• #76718
      AvatarKristi Hogan

      Try getting adhesion removed from the posterior hip capsule and adductor magnus. These two structures affect hip flexion most directly.

    • #76759
      AvatarCecilia Yee

      Thanks everyone!

      At this point, I have the mobility at my hip just not the stability. I still feel like it’s a deep stabilizer issue – it just “turns off” sometime.
    • #76760
      AvatarPatrick Thomas

      Are you working on stability in the hip?
      Lateral leg raises
      Medial leg raises
      bent leg lateral raises
      single leg tuck
      single leg over hold 20 sec

    • #76766
      AvatarCecilia Yee

      I do some variation of these exercise regularly. The issue i face is – just like my core musculature – my glute (med) just turns off.

      PS: You’re the best Kaitlin!
    • #76767
      AvatarPatrick Thomas

      Thanks Daniel
      Good to hear you are addressing the stabilization piece.
      Many times cause of glutes shutting off is:
      1. Pain
      2. Position
      3. Lack of use
      Do you have pain?
      Pain can cause the glutes to shut off which then causes greater instability which results in pain.

      Position– Glutes span pelvis to femur so……….alignment of the pelvis and femur, therefore, affects the position,
      length and tension of your gluteal muscles. If these muscles are not in
      an ideal posture, their function will be compromised–sometimes to the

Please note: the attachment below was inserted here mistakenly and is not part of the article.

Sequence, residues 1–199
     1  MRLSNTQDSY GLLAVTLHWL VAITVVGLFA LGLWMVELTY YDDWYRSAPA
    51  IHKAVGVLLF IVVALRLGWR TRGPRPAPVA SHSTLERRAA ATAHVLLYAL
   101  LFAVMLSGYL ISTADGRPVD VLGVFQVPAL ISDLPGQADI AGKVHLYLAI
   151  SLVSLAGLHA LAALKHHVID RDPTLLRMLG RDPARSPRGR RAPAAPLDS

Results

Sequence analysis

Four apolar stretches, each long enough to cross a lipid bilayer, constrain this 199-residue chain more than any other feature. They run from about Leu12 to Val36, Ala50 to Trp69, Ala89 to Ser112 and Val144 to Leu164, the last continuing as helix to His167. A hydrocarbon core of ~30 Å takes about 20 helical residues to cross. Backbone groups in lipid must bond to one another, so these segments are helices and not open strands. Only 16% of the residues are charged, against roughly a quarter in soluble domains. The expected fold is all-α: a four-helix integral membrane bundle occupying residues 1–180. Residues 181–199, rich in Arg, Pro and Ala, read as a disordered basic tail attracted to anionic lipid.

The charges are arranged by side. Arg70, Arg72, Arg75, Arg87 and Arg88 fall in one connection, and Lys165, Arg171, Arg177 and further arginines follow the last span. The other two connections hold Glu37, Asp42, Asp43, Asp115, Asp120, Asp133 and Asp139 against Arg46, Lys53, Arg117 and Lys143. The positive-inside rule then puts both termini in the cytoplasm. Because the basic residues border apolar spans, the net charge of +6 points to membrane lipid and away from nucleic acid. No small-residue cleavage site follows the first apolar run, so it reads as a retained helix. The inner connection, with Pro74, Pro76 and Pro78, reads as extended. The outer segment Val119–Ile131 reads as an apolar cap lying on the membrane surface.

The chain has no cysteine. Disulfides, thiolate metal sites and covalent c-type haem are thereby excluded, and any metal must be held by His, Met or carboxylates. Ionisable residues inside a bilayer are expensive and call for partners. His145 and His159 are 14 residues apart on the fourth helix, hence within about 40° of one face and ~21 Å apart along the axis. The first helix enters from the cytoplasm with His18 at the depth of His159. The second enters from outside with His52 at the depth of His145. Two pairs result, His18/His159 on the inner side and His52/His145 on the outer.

point that the muscles are not able to contract.

      Anterior pelvic tilt over stretches the glute. There is a connection between this posture and muscle function called the Lower
      Crossed Syndrome.  The hip flexors and back extensors are
      short and tight, while the abdominals and glutes are lengthened and
      The glutes and hip flexors work in opposition. If the hip flexors are excessively tight, they may block the message from ever reaching the glutes leaving them inactive.

    • #76768
      AvatarCecilia Yee

      Pain? Yes. SI / Lower back pain on one side. I also get a fair amount of discomfort and clicking inside my hip. I’ve read all about the typical crossed / APT / “desk bound” syndromes online but I’m not sure that applies to me. I’m more of a PPT and rounded shoulders guy!

      I’ve been to 3 different PTs who have offered only periods of relief. My local academic medical center says a “candidate” for a hip arthroscopy based on my images (MRI) and failures at PT, but I’m unconvinced – I feel that i have achieved periods in which my mechanics are improved, I just can’t maintain them.